Meanwhile, on the Bench: Graveyard scenery

This week I’ve been cracking out some seasonal terrain for my good chums over at Hobgoblin 3D, namely a combination of their Graveyard of Grizliness bundle and the Abandoned Mausoleum kit.

Hobgoblin produce some great models for you to 3D print at home, and although they started out as pure fantasy terrain, they’re starting to branch out into more genre-neutral sets. This is very bad for a sci-fi nerd like myself, as I no longer can continue to make excuses as to why I can’t pick up their sets for myself.

Nyaaa!

Spooky ghoul from Mantic games for scale here, as these pieces are the largest single-piece 3D printed models I’ve painted to date. I’ve no idea how long these would have taken to print, I just get the luxury of painting them without the headache of operating a 3D printer!

The archway in the middle was supplied in four parts admittedly, but they went together very easily and they form a single solid unit when assembled.

Nyaaa!

I’ve painted quite a few bits for Hobgoblin over the past year, but their most recent sets have been the closest thing to tempting me to getting a 3D printer for myself. This set in particular is perfect for the grimdark setting most of our games are set in.

I can just imagine an entire graveyard board scattered with ornate railings and broken gravestones and a big shootout between cultists (up to no good in a graveyard, obviously) and some Acolytes.

Nyaaa!

It wouldn’t be Halloween without pumpkins! I particularly liked the ‘carved’ pumpkin base, there’s lots of nice details on it, and the candles inside the jack o’ lanterns are particularly pleasing.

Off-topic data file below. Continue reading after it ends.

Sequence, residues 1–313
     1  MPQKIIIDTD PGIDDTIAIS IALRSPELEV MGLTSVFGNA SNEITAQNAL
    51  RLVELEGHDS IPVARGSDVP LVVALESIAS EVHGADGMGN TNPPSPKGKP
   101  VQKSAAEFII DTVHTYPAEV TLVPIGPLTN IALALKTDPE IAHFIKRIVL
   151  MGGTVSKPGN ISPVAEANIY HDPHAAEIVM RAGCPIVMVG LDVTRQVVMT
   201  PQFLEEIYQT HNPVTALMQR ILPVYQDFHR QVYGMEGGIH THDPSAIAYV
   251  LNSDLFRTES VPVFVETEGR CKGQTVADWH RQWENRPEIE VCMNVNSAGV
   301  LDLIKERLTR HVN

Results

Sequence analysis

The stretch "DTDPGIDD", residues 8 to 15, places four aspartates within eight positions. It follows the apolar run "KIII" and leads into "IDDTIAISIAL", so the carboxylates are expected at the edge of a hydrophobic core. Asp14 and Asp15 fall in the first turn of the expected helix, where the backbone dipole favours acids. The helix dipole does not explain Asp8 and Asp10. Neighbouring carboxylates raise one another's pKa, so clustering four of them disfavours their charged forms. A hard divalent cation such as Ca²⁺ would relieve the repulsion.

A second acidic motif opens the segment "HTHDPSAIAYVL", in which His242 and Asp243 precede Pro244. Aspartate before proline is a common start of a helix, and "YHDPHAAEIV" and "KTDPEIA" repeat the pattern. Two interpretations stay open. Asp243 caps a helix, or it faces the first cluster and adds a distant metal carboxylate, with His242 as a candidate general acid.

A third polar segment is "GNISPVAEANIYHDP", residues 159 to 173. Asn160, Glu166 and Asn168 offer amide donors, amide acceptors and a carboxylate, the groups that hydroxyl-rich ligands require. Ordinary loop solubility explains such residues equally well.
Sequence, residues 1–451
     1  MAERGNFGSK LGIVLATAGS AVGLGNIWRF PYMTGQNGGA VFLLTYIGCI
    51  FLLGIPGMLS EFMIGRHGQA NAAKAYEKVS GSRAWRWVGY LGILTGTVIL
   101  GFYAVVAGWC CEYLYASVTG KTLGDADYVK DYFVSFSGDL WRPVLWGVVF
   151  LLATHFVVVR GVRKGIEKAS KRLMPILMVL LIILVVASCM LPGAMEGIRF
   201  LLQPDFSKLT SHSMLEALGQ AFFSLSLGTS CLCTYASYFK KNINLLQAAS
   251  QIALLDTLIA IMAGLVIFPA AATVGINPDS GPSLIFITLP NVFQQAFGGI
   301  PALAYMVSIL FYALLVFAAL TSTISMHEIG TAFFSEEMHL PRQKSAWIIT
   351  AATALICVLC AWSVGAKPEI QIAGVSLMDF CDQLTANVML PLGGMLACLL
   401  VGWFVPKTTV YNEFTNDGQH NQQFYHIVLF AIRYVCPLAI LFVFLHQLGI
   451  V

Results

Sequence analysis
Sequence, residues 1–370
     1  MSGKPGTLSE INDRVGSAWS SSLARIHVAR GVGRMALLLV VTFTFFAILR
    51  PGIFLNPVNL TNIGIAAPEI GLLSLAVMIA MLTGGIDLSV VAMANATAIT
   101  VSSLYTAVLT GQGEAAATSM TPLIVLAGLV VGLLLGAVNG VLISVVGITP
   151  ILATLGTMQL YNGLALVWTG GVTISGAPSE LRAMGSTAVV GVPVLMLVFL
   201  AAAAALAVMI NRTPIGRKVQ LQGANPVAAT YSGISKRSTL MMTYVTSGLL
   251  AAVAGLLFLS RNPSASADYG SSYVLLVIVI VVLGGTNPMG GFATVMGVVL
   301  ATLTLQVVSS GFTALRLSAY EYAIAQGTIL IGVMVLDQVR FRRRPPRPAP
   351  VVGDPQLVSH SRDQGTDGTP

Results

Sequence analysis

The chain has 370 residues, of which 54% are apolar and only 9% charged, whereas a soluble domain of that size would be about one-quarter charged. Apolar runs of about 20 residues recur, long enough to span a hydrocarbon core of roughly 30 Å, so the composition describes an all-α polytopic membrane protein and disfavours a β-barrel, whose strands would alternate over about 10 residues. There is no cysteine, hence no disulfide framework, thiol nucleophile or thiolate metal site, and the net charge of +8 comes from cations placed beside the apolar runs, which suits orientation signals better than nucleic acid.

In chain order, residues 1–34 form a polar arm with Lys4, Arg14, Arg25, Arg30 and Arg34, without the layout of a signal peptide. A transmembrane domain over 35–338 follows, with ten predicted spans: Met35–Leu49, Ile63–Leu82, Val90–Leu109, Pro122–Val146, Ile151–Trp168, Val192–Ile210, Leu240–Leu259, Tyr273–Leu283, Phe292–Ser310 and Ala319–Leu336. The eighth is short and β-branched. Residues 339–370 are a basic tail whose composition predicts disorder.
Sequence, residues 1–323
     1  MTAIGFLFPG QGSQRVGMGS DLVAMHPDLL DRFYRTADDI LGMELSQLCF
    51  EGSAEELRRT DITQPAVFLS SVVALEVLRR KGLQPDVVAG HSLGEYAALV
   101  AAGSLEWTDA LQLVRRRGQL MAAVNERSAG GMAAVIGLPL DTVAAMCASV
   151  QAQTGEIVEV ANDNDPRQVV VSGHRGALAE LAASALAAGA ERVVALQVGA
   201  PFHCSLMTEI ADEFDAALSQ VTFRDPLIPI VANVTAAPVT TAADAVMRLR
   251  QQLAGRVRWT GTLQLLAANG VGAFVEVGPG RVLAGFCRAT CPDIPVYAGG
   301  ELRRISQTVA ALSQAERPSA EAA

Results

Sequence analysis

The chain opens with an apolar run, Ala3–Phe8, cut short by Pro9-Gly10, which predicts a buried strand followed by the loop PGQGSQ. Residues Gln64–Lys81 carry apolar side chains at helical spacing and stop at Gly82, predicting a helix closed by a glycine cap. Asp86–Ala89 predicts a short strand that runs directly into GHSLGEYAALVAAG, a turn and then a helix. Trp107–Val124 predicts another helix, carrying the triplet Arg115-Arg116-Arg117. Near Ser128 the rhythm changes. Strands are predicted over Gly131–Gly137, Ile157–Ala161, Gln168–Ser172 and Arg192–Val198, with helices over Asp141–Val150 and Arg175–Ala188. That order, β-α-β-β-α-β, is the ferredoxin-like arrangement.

Nyaaa!

You couldn’t have a graveyard without gravestones could you? There’s a nice variety here, and the nice part about owning the kit is you can print off as many of each as you need, rather than being limited to the ones you buy. Although they look quite nice I wasn’t a fan of the broken headstone pieces, they were a bit too fiddly to paint (and I’m about 70% sure I lost a piece in the painting process).

I can see the appeal, but for me they’d be better off as part of a diorama or scatter piece, such as the pumpkins above or the open graves below.

Nyaaa!

Open graves! I think I had the most fun painting these. They tell a great story and wouldn’t look out of place in just about any different setting. If I had given myself a bit more time, I would want to experiment with some water effects pooling in the open grave and making the mounds of earth around it all soggy. I mean, when else is the best time to go gravedigging if not in the rain?

Oh yes, and it has another adorable feature;

Let there be light! There’s a hollow inside the lantern for an LED and button cell for extra spoopiness, or if you’re cheap like me, a phone light concealed under a sheet of A4.

Nyaaa!

And finally the Mausoleum kit. What a piece! Any doubts I’ve had in the past about 3D printing vs injection/cast moulded pieces have been dashed apart. This is a rather excellent construction that really lends itself to the 3d printing process.

It comes six¬†parts – an upper and lower section of the building so you can remove the top to access minis inside without disturbing your scene, two doors and two hinge pieces (not pictured because I’m a doofus and lost them). The two hinge pieces are glued to the bottom of the door when it is assembled in the building so it doesn’t fall out of its socket.

I hear tell rumours in the tavern that the team might be building an insert for this building with a hex/square grid on it for proper roleplaying compatability, so watch this space for more!

I thoroughly enjoyed painting this kit, and outside of drying times took me far less time than other kits to get tabletop ready. A few choice washes and different coloured drybrushing can go a long way into getting your spooky quota up for your games.